(Colombo) REUTERS: Sri Lankan shares ended steady yesterday, hitting their highest close in more than a week, while the rupee edged up on dollar sales as month-end inward remittances surpassed greenback demand from importer, market sources said.
The benchmark stock index ended up 0.08 percent at 5,376.67, its highest close since June 19. The index rose 0.16 percent last week and posted its first monthly gain for the year in June, rising 1.15 percent. However, the bourse is down 11.16 percent so far this year.
Foreigners sold on a net basis for 15 sessions in 16, the bourse data showed.
Yesterday’s stock market turnover was Rs.252.6 million, well below this year’s daily average of about Rs.542.7 million. Last year’s daily average was Rs.834 million.
Foreign investors sold a net Rs.162.9 million worth of shares yesterday, extending the year-to-date net foreign outflows to Rs.6.5 billion.
The currency edged up at 176.25/35 per dollar, compared with Friday’s close of 176.40/50, market sources said. The rupee rose 0.17 percent last week and is up 3.6 percent so far this year.
The island nation raised US $ 2 billion via five-year and 10-year sovereign bond sales last week, tapping global capital markets for the second time in three months.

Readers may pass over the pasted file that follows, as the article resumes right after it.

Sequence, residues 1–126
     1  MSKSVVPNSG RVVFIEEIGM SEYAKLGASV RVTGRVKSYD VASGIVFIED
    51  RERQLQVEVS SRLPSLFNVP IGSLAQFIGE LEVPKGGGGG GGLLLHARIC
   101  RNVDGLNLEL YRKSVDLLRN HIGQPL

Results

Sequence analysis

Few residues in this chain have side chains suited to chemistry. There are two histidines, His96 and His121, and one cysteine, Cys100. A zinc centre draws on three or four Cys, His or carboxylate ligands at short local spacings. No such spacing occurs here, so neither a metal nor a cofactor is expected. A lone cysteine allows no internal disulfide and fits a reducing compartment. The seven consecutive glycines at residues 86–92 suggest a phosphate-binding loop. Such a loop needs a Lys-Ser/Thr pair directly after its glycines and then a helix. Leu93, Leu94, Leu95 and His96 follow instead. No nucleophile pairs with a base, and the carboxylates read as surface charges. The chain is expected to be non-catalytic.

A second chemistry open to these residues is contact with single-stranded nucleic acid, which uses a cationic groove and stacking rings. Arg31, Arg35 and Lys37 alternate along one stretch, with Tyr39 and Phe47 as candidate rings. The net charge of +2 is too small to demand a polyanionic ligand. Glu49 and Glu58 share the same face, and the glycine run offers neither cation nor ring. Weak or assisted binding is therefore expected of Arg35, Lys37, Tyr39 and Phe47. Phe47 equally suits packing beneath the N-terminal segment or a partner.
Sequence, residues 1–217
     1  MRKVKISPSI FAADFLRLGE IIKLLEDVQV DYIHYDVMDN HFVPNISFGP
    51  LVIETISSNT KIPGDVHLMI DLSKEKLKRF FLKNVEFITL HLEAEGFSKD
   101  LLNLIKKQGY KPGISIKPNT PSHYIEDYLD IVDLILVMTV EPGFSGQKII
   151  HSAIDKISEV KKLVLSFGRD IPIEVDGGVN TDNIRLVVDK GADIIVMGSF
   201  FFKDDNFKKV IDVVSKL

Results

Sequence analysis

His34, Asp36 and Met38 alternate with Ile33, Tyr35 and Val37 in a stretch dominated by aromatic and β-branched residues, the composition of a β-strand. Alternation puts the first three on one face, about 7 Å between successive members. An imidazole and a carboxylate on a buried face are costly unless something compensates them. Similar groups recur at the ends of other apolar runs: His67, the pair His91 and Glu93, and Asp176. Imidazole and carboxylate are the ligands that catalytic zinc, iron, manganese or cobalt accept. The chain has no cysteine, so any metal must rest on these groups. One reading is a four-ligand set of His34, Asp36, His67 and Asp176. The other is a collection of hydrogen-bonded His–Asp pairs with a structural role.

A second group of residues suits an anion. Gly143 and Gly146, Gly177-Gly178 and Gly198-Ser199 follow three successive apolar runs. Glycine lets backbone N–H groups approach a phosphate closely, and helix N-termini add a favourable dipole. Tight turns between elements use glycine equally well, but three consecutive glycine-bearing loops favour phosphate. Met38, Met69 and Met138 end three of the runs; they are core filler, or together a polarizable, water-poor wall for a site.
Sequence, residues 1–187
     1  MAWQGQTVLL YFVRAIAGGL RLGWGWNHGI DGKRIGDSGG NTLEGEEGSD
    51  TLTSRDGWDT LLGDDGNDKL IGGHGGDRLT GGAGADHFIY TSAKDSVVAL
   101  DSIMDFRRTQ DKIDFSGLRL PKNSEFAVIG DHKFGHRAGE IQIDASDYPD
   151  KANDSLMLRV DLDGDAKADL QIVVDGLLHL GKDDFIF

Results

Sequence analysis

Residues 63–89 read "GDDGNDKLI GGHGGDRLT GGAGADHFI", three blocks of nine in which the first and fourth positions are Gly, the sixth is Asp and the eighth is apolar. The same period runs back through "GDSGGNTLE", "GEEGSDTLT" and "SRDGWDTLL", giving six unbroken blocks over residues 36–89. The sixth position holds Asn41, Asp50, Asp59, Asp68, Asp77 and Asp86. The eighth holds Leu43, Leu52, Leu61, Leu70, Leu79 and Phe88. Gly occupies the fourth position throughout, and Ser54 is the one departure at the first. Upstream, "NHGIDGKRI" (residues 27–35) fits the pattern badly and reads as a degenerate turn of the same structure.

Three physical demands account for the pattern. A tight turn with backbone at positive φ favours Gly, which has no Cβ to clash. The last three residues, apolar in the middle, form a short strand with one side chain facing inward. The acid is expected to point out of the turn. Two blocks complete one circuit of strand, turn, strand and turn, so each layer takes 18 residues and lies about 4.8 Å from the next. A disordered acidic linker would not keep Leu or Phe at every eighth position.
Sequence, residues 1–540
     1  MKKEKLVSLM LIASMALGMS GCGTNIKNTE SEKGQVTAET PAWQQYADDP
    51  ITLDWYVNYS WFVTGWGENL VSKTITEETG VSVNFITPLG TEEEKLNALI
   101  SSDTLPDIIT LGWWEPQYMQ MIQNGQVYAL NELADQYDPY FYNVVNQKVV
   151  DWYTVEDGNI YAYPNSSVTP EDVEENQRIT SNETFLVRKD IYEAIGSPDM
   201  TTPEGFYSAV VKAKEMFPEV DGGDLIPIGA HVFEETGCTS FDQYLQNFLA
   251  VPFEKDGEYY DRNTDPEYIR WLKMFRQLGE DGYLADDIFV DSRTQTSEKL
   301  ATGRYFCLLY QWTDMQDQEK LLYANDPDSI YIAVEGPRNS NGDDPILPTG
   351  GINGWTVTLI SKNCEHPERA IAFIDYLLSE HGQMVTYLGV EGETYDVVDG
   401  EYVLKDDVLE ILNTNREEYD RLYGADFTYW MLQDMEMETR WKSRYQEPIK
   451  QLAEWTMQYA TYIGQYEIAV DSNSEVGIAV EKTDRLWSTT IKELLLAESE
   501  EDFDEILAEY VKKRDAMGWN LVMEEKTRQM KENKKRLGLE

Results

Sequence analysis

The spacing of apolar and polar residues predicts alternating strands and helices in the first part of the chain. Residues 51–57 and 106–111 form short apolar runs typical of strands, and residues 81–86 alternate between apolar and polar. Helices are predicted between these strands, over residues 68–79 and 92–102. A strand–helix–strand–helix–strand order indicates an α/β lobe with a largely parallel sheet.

Analysts expect the rupee to weaken further as money flows out of stocks and government securities.
The rupee dropped 16 percent in 2018 and was one of the worst-performing currencies in Asia.
Foreign investors bought a net Rs.2.26 billion worth of government securities in the week ended June 26, but the island nation’s net foreign outflow was at Rs.18.4 billion so far this year, the Central Bank data showed.
The Central Bank cut its key interest rates on May 31 to support a faltering economy as overall business and consumer confidence slumped following deadly bomb attacks in April.
Sri Lanka is unlikely to hit its full-year economic growth target of 3-4 percent following the bombings, junior Finance Minister Eran Wickramaratne told Reuters last month. A Reuters poll has forecast growth to slump to its lowest in nearly two decades this year.